Tell us a bit about your artistic trajectory and experience.
I’m originally from the northwest, but I grew up all over the place. My childhood was a mix of little English towns and Middle Eastern cities — with a good dose of beach life off the African coast. I’ve been drawing and designing for as long as I can remember. As a kid I loved to draw, craft and create zines.
After high school I spent a year studying Art & Design at college. The course covered a bit of everything: ceramics, graphics, fine art, fashion, photography, art history. I wasn’t sure what I wanted to do at this point, so it was helpful to try so many different things!
I then continued my studies through an apprenticeship scheme. I managed to find a course in print production, which I then shoehorned into a placement at a digital marketing agency where I was able to assist on the graphic design side of things. I was completely thrown in at the deep end from my first day, without even knowing how to use the software. So I had to learn quickly and practically to keep up in a fast-paced agency.
I went freelance fairly soon after that, doing a bit of everything: logo design, illustration, print and web design.
The street art influence is really strong in your work. How did you first get involved with it?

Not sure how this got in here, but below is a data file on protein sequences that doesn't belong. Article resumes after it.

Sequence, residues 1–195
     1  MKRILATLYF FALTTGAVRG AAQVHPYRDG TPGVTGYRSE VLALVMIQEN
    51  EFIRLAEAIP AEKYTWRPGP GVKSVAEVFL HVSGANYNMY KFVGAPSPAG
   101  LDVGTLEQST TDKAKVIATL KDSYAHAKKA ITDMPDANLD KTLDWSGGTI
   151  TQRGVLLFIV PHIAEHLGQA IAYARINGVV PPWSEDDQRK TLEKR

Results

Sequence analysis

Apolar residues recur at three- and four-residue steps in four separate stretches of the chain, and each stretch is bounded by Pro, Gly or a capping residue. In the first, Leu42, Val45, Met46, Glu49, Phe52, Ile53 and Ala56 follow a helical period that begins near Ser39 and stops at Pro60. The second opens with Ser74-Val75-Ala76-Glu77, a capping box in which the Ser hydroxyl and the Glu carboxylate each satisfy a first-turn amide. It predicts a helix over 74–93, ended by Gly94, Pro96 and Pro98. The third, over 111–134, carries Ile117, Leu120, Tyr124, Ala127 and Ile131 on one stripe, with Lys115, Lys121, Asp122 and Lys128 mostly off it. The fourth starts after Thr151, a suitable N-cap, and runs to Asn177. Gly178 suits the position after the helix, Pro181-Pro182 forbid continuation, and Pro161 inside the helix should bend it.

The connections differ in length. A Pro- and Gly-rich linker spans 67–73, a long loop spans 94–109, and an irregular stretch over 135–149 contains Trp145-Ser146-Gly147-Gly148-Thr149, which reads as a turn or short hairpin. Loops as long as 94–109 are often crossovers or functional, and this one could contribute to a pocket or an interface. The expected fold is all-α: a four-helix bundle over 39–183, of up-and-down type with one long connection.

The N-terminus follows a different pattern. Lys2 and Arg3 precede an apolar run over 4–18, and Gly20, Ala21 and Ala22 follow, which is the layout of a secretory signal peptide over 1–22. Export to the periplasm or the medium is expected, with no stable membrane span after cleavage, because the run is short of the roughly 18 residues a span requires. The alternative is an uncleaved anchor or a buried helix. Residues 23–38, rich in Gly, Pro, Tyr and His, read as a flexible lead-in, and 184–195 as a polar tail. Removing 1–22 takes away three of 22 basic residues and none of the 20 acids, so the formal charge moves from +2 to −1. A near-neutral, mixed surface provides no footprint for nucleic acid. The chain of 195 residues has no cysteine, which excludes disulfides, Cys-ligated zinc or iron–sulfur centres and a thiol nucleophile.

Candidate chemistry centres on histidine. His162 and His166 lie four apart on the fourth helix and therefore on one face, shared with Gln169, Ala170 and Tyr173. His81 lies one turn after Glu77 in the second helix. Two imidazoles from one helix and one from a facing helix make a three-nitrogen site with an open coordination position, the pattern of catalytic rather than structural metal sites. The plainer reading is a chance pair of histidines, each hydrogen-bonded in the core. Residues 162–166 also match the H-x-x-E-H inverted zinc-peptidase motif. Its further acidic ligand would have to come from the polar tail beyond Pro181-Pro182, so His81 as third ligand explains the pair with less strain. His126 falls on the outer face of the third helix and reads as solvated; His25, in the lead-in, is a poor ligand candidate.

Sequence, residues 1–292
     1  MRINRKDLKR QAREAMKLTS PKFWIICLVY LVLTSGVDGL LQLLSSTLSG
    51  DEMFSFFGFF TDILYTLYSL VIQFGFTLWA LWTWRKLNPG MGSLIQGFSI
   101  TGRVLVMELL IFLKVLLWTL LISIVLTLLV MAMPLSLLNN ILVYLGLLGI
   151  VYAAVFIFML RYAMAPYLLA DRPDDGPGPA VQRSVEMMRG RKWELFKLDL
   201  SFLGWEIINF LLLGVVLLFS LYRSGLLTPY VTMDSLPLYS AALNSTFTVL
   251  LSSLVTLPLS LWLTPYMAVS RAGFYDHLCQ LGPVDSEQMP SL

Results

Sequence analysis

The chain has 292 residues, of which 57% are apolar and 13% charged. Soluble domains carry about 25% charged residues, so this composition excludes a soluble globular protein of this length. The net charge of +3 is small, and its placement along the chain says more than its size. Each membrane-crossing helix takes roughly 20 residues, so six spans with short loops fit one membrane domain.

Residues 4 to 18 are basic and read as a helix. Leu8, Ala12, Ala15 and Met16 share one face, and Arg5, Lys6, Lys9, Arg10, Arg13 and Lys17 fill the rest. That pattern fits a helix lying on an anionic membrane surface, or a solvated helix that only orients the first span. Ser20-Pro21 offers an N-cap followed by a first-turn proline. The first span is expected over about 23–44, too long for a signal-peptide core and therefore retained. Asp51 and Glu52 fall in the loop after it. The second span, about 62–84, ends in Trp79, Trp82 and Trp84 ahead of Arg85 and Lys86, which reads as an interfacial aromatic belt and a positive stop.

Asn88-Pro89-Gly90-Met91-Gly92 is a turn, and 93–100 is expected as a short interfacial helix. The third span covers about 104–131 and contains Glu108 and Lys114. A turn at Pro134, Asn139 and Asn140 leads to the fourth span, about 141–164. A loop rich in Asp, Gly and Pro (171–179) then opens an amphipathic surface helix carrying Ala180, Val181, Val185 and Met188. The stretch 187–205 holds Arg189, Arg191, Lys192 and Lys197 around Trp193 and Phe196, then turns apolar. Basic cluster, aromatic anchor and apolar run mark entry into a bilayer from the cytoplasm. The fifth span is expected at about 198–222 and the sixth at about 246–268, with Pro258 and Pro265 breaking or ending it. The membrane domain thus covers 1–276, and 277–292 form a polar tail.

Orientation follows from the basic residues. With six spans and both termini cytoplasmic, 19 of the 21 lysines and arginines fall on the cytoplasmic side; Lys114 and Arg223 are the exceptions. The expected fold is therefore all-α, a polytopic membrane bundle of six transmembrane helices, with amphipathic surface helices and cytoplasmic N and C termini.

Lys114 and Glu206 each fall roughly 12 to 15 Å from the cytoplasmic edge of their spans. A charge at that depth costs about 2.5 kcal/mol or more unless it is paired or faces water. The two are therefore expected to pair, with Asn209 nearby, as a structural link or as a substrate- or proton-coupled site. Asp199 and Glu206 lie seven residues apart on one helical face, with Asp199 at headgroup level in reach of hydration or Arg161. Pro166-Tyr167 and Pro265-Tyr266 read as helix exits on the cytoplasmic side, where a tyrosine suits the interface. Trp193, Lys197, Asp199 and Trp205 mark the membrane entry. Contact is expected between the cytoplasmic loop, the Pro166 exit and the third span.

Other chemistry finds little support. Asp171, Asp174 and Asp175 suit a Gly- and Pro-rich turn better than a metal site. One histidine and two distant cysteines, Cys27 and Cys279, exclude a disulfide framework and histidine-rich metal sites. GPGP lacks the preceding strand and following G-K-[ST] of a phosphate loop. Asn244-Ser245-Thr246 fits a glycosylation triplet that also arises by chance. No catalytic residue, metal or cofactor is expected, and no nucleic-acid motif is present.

I was doing a lot of work in the West Midlands in the late 2000s, and some friends introduced me to Secret Walls — a live art-battle event that invited local artists, illustrators and graffiti writers to create huge freestyle doodles with black markers on crisp white walls.
I went along as a spectator and was just mesmerised by it all. I came away feeling so inspired that I went on to spend a year completing daily drawings, using similar Secret Walls rules: black marker pen on white paper. I’d draw whatever I wanted and put it up on my blog without any formal write up or explanation. I was just having fun with it and improving as I went along.
I was pouring in all the inspiration I’d soaked up until that point: the cartoons and video games I grew up on, all the nature, history and heritage that had captured my imagination over the years—from the glossy graphic design work that filled my days to the grimy graffiti and wheatpastes that brighten up the otherwise grey Midlands cities. All of it just clicked into place and ignited a spark.